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November 15, 2007 in Conferences | Permalink | Comments (0) | TrackBack (0)

Post-Lingle Substantive Due Process Case

Over at Law of the Land, Patty Salkin has a post on a recent Ninth Circuit decision in Crown Point Development, Inc. v. City of Sun Valley.  The Circuit had previously barred land-use substantive due process claims, under the reasoning that if a land use regulation did not substantially advance a legitimate interest, it was a taking.  So under the prior Ninth Circuit law, a substantive due process claim would be replaced by a takings claim.  This reasoning was always suspect, but is clearly wrong after Lingle.  So in Crown Point, the Ninth Circuit has correctly recognized that a landowner can maintain a substantive due process challenge to a land-use regulation.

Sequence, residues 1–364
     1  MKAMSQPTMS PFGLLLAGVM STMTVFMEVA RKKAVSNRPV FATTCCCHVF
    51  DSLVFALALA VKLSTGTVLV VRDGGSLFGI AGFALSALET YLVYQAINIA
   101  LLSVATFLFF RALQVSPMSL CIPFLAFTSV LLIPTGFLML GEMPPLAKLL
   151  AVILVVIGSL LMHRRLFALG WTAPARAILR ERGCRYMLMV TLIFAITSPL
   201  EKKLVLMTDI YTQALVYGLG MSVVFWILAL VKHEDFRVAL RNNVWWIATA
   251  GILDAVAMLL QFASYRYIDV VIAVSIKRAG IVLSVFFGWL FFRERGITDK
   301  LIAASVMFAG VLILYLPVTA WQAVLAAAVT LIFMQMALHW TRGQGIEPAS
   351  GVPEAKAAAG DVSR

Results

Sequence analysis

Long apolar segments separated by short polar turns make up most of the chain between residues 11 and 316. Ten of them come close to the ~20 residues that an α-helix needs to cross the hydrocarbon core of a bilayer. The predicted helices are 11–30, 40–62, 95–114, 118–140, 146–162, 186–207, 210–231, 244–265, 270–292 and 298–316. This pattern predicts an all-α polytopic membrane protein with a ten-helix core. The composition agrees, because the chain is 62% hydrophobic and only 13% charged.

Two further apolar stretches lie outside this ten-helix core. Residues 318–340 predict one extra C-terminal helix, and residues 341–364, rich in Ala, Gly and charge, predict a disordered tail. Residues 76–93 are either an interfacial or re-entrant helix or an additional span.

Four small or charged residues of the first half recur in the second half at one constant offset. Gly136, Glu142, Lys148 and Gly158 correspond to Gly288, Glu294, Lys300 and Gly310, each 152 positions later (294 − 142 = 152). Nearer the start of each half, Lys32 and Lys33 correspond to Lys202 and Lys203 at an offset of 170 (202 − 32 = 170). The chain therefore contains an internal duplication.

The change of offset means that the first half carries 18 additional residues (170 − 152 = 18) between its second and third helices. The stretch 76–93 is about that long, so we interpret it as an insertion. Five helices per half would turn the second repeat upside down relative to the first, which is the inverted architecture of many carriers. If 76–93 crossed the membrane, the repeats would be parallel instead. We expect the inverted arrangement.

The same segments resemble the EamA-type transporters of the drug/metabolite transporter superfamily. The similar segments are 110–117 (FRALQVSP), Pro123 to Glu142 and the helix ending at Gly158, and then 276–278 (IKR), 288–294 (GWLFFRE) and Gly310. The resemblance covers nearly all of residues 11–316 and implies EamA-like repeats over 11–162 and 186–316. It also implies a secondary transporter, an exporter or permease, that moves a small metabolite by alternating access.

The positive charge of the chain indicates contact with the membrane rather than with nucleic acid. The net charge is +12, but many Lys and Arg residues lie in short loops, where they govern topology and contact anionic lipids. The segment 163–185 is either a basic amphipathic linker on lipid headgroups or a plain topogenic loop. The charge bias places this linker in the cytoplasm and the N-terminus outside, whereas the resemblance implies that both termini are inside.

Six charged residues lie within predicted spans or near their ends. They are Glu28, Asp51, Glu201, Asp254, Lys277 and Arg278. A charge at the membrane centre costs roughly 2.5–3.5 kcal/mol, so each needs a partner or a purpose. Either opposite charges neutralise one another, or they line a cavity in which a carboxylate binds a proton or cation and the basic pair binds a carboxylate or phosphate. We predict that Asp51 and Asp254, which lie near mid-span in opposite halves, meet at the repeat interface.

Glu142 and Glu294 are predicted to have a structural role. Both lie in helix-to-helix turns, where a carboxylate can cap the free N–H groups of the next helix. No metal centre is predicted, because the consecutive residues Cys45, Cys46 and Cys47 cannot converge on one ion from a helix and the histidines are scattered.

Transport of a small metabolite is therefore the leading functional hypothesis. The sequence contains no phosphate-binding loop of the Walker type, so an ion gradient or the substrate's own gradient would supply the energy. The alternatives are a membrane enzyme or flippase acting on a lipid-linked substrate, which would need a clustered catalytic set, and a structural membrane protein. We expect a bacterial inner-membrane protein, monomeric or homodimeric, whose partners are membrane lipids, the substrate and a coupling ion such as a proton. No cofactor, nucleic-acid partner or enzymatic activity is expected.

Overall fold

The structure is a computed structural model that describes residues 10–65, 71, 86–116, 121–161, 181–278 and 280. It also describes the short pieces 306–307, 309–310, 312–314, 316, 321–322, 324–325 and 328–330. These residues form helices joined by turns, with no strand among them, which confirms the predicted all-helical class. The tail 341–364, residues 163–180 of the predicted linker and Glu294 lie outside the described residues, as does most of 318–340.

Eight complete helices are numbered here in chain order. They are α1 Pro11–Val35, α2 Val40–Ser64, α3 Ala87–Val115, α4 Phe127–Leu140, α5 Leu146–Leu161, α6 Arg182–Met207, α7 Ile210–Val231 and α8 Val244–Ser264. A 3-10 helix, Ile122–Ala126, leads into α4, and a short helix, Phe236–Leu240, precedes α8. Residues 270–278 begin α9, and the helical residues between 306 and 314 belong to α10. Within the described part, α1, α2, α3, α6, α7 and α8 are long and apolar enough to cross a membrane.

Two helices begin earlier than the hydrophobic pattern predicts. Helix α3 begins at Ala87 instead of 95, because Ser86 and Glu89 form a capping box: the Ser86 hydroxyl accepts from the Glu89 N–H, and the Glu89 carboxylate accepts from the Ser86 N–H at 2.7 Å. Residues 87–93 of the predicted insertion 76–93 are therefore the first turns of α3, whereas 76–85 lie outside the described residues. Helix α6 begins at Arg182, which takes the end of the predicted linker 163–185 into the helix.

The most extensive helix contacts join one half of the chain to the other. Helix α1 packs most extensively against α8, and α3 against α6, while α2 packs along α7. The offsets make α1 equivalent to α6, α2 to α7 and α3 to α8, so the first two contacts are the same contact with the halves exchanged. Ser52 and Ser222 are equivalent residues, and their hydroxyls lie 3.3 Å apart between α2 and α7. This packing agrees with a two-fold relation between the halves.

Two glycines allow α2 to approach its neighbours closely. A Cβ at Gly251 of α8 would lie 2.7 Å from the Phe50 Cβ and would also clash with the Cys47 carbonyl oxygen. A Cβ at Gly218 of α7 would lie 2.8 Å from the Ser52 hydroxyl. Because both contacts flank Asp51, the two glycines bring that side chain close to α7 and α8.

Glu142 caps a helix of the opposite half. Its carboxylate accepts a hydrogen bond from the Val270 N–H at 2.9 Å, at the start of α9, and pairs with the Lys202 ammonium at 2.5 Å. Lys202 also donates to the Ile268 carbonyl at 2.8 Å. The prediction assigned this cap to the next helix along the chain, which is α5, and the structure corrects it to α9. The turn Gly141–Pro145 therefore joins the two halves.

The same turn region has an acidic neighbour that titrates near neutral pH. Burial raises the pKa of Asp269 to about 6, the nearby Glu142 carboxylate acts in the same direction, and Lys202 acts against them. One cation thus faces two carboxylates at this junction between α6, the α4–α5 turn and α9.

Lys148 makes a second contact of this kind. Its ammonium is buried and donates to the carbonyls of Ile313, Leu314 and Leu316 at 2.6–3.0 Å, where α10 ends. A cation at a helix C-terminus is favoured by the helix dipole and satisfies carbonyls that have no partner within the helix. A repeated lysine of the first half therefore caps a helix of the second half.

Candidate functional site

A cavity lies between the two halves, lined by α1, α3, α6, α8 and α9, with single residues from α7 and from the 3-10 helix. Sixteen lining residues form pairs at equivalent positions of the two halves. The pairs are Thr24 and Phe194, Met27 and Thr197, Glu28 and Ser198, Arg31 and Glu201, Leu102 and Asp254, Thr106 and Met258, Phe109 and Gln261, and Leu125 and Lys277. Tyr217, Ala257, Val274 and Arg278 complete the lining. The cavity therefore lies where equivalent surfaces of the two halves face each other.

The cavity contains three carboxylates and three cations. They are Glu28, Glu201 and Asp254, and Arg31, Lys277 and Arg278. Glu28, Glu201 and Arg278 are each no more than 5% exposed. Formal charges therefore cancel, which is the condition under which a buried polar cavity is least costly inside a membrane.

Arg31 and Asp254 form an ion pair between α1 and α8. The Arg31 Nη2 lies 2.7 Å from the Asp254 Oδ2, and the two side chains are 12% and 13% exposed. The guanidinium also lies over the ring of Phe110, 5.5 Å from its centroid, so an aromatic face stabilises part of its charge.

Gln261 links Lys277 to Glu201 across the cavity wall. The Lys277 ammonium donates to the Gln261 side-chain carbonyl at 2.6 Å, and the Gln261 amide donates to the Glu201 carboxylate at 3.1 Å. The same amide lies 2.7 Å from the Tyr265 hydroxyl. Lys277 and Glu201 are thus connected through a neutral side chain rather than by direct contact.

Ben Barros

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November 15, 2007 in Recent Cases, Takings | Permalink | Comments (0) | TrackBack (0)

Wednesday, November 14, 2007

Adverse Possession in the News

We’ve been having an interesting dust-up here in Boulder about adverse possession – a local couple prevailed on what seems to be a pretty ordinary adverse possession claim and a local columnist blasted the decision as an example of how out of control the Boulder “progressive” community is – “where common sense is occasionally as rare as a conservative's view of private property rights,” sparking a backlash that made it all the way to Fox News.  And the New York Times a few days ago highlighted Gov. Spitzer’s veto of a bill in New York that would have barred adverse possession “if the person making the claim had ‘actual knowledge’ that the property was owned by someone else,” according to the Times.  Who knew AP would be such a hot topic again?

UPDATE:  Eduardo Penalver has more thoughts on the Boulder case.

Nestor Davidson

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November 14, 2007 in Real Estate Transactions | Permalink | Comments (2) | TrackBack (0)

Takings Dispute Between Ranchers and the Military